How honest should we be with ofsted
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    Default How honest should we be with ofsted

    We are due an inspection soon. One little boy in our setting is possibly on the spectrum - he exhibits various behaviours we recognise as red flags. Obviously we are not placed to make a diagnosis and wouldn't but the inspector is bound to notice and comment. How candid can we be? It's one of those difficult scenarios where it's really a waiting game but we also don't want to break confidentiality etc. Appreciate any advice!

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    Quote Originally Posted by Fitrix View Post
    We are due an inspection soon. One little boy in our setting is possibly on the spectrum - he exhibits various behaviours we recognise as red flags. Obviously we are not placed to make a diagnosis and wouldn't but the inspector is bound to notice and comment. How candid can we be? It's one of those difficult scenarios where it's really a waiting game but we also don't want to break confidentiality etc. Appreciate any advice!
    Have you shared your thoughts with any other professionals? Can you start off the process /talk to parents about it? Then you can tell ofsted what you are doing, or that you are still collecting observations to assist you in talking to parents/other professionals. They will want to know what you are doing to help the child and family.

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    No haven't shared with anyone. Mum is a teacher and very aware of red flags in other kids but seems to be a bit in denial. She's clearly teaching him all sorts of coping mechanisms and we discuss his 'behaviours' but skirt around the A word!! So it's one of those cases where we cannot say anything until mum recognises and faces the possibility of her son being on the spectrum. So my question still stands - to what degree can we share our thoughts/opinions with ofsted? And will we be penalised for NOT pushing for a diagnosis?! Bearing in mind the child is only 3 and most diagnosis are not made until year 1 of primary school.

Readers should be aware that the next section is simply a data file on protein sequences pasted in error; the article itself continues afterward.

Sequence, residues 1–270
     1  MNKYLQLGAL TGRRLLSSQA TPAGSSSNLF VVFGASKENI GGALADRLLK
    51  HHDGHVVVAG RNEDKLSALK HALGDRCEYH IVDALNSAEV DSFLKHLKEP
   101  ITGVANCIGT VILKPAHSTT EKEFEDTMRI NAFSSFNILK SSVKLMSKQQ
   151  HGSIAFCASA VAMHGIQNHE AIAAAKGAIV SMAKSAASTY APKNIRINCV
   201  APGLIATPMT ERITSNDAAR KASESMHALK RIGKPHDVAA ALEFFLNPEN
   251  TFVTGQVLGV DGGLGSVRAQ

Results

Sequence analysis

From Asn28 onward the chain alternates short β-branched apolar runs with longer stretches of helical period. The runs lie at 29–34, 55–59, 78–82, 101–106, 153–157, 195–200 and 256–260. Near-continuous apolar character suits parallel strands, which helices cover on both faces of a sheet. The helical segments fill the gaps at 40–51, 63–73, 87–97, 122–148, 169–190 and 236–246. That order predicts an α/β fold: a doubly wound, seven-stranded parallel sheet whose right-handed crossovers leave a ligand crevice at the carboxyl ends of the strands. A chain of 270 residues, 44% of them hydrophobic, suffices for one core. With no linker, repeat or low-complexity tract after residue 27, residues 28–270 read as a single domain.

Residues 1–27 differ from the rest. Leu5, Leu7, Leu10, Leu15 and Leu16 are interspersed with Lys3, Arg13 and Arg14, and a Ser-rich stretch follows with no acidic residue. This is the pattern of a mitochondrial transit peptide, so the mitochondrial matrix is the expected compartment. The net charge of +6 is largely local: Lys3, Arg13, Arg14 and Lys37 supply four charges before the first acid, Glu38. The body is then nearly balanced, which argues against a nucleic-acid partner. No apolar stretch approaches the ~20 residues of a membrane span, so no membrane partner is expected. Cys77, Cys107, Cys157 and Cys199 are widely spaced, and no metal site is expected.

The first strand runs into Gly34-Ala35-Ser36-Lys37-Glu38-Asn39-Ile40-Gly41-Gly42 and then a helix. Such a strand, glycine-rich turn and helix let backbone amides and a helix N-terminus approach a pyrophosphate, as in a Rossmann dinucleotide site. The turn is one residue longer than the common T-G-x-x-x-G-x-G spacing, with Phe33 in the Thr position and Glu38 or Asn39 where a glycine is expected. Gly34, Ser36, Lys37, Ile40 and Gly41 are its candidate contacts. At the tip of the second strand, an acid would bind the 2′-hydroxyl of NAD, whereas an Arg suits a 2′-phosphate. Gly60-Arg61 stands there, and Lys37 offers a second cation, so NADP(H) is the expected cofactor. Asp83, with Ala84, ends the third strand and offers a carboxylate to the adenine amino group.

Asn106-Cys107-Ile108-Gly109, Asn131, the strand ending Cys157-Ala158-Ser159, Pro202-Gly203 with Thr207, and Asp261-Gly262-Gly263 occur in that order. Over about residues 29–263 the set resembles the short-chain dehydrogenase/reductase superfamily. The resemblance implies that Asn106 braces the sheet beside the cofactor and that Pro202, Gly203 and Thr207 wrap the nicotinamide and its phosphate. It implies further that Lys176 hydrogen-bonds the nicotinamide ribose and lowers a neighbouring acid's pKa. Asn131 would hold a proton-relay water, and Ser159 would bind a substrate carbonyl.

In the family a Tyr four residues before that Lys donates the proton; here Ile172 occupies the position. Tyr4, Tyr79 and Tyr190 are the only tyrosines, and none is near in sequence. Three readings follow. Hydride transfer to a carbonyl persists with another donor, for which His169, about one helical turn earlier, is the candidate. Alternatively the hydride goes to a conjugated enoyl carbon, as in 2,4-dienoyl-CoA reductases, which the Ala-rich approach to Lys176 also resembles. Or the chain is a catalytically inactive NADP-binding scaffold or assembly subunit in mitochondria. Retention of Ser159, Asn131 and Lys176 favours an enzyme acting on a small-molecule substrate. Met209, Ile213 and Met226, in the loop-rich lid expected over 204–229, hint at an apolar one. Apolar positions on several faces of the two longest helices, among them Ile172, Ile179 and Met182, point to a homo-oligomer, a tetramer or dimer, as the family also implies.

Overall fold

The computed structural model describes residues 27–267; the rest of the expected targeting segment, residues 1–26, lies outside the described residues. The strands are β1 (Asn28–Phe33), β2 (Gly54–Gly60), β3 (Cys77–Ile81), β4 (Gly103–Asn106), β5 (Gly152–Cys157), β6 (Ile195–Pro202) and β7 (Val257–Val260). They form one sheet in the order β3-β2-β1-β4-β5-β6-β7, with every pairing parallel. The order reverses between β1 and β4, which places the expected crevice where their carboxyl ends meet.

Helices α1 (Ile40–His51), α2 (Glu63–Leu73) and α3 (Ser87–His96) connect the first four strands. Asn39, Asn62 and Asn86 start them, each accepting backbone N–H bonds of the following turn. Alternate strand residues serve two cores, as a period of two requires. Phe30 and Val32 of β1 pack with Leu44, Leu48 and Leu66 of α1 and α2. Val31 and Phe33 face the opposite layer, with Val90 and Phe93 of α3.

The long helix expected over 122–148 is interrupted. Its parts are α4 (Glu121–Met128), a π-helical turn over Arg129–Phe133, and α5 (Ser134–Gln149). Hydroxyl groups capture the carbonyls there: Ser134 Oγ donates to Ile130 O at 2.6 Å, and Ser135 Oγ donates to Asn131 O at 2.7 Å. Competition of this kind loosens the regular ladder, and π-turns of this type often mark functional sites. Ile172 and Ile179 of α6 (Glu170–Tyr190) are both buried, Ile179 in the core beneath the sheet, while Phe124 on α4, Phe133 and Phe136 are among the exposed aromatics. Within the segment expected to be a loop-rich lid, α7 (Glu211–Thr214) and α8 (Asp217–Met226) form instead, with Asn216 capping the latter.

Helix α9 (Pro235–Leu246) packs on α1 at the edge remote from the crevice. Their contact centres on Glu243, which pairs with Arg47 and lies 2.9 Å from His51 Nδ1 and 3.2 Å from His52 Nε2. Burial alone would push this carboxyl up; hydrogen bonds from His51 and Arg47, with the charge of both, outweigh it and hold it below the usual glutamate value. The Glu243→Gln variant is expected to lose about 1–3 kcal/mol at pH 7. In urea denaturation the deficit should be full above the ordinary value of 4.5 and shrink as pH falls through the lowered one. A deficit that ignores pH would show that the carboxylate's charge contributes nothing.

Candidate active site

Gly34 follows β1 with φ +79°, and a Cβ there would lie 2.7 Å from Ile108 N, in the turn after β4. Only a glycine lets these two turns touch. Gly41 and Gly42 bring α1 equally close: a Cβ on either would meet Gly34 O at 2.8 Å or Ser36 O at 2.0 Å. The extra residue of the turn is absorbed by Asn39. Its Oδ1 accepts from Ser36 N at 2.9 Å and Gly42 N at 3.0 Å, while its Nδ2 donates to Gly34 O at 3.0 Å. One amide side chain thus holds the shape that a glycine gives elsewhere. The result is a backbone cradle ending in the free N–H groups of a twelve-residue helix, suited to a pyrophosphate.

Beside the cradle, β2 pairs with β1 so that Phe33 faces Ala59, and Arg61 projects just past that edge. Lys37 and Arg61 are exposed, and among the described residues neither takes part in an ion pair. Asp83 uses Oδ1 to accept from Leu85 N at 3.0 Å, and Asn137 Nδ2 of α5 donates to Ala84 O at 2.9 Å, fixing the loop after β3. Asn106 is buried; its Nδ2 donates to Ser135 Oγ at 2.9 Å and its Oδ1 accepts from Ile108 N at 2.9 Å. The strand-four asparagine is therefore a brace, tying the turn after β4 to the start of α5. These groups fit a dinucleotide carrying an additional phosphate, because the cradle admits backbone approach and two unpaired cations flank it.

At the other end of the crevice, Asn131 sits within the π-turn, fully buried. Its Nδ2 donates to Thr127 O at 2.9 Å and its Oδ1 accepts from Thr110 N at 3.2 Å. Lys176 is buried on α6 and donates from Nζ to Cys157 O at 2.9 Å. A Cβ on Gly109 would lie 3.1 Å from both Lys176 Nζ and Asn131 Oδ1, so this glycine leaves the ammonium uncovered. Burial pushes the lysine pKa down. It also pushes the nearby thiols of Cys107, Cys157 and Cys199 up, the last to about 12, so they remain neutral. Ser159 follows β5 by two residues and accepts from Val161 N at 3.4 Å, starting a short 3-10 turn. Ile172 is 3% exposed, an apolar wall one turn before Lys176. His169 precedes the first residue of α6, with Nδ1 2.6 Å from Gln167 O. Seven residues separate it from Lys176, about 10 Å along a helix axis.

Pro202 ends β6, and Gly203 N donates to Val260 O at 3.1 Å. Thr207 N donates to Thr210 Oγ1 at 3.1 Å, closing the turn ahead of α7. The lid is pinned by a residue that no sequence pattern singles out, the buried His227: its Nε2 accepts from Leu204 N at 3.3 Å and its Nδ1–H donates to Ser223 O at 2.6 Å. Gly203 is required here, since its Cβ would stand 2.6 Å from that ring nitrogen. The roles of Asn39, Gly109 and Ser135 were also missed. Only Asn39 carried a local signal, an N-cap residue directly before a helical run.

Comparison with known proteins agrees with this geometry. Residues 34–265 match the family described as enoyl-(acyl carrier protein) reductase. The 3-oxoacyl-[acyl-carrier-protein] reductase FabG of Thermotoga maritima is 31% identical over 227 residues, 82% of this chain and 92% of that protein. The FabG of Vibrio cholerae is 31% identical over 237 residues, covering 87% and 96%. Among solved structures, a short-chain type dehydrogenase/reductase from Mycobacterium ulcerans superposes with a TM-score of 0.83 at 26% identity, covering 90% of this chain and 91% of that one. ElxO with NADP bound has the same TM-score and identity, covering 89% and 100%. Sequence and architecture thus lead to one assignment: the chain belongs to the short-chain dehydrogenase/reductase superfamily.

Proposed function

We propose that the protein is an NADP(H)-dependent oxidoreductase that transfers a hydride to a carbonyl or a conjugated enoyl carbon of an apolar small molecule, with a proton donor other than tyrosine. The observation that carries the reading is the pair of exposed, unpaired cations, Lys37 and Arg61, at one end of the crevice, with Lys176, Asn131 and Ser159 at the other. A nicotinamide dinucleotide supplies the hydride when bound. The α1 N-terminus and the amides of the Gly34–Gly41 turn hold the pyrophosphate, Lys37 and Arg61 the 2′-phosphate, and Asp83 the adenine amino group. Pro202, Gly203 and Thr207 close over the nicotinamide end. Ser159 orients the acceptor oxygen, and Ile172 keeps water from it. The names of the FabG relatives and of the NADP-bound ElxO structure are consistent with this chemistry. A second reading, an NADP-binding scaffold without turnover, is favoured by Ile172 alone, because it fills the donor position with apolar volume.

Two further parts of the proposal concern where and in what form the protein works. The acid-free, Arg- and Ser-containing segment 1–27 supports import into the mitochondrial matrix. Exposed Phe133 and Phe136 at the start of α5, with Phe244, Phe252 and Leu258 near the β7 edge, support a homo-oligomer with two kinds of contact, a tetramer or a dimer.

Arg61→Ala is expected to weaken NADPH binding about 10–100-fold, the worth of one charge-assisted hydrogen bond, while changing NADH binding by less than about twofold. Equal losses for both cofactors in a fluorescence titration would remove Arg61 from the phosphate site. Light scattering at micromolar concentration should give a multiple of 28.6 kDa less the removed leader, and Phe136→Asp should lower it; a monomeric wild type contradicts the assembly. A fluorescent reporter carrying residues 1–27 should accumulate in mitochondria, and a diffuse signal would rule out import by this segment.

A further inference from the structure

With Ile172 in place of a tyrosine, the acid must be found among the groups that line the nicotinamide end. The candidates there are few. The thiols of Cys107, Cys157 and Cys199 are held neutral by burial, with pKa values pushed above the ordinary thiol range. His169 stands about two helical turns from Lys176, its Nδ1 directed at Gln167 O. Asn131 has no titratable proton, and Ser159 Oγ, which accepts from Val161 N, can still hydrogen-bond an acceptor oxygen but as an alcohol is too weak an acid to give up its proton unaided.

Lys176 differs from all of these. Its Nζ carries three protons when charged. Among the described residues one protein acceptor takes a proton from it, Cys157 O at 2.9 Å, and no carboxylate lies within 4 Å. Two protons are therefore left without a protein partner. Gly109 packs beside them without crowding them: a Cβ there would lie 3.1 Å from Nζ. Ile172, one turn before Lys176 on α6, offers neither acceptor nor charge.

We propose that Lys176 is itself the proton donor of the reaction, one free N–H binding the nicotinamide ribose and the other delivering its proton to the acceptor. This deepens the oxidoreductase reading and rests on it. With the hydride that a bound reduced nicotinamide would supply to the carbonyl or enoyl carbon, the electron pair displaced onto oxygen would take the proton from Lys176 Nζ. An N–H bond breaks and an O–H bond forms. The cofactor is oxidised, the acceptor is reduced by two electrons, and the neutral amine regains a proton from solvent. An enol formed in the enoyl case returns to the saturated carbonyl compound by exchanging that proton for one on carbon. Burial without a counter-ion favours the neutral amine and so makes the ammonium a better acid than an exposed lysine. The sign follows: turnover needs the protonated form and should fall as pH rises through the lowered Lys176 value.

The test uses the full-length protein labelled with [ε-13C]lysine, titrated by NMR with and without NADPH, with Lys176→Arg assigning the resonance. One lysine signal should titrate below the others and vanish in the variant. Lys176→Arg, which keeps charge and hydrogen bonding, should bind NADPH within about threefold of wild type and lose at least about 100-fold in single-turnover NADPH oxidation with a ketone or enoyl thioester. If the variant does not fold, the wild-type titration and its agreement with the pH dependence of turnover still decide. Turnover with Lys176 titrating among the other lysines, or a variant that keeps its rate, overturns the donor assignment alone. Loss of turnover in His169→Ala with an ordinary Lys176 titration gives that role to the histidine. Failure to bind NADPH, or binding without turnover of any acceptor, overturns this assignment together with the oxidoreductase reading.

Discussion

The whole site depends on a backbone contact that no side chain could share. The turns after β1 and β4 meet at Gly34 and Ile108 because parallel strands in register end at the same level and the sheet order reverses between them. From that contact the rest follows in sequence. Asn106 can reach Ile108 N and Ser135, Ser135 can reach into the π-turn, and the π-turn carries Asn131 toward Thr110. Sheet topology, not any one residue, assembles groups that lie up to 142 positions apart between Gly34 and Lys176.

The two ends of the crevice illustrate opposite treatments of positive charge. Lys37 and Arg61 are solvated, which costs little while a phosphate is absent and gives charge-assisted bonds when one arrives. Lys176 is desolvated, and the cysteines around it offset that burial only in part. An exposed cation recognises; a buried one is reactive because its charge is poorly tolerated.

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    Collecting thoughts and observations in order to share when the time/opportunity arises is a good idea though. We could say that's what we're doing?! Thanks. 👍

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    Has he had his two year check?

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    Quote Originally Posted by Maza View Post
    Has he had his two year check?
    A child I know has been showing signs of being on the spectrum since he was about 12 mths old. Alot of family and friends were concerned ( mum insisted 'typical only child' ) and I know that one of them mentioned their concern to the health visitor. Then at 2 yr check HV picked up on a couple of points that she could see and started to work with mum on 'strategies' and also started referral process. Mum now has support in place for her and the child.

    I would share my thoughts/concerns with ofsted. Say you are collecting 'evidence' and supporting/guiding mum towards investigating further. Do you have a senco you can talk to? Naming no names? Ours can offer advice/suggestions.

    Good luck.
    Last edited by loocyloo; 14-04-2017 at 06:35 AM.

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    Quote Originally Posted by Maza View Post
    Has he had his two year check?
    Mum specifically asked us not to write up a two year progress check!!!
    No we haven't spoken to a SENCO. We've had a few kids we have helped through the process over the years both steering parents in the right direction and being involved with health visitors and other child therapists etc to get a child the help they need so we're not worried about any of that. Just don't want to breach confidentiality by sharing info with an ofsted inspector before anything official is in place for this child.

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    Quote Originally Posted by Fitrix View Post

    Mum specifically asked us not to write up a two year progress check!!!
    No we haven't spoken to a SENCO. We've had a few kids we have helped through the process over the years both steering parents in the right direction and being involved with health visitors and other child therapists etc to get a child the help they need so we're not worried about any of that. Just don't want to breach confidentiality by sharing info with an ofsted inspector before anything official is in place for this child.